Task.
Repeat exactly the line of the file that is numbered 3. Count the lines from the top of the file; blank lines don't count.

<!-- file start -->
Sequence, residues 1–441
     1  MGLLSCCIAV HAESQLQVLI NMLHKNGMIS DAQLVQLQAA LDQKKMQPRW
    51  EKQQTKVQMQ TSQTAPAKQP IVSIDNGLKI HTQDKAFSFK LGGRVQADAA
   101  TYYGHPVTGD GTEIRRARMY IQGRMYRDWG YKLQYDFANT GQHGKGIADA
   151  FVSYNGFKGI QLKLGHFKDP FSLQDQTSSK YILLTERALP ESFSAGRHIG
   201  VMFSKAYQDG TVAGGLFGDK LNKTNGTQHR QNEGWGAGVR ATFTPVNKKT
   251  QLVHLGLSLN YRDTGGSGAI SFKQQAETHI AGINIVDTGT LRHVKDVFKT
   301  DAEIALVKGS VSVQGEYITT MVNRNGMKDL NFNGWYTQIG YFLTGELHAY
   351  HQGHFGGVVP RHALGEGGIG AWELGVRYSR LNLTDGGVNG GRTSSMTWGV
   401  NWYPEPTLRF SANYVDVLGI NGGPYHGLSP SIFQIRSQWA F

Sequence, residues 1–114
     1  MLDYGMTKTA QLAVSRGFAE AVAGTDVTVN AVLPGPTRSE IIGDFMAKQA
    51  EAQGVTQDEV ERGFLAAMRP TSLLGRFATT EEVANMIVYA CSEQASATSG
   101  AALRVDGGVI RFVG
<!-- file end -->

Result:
    51  EKQQTKVQMQ TSQTAPAKQP IVSIDNGLKI HTQDKAFSFK LGGRVQADAA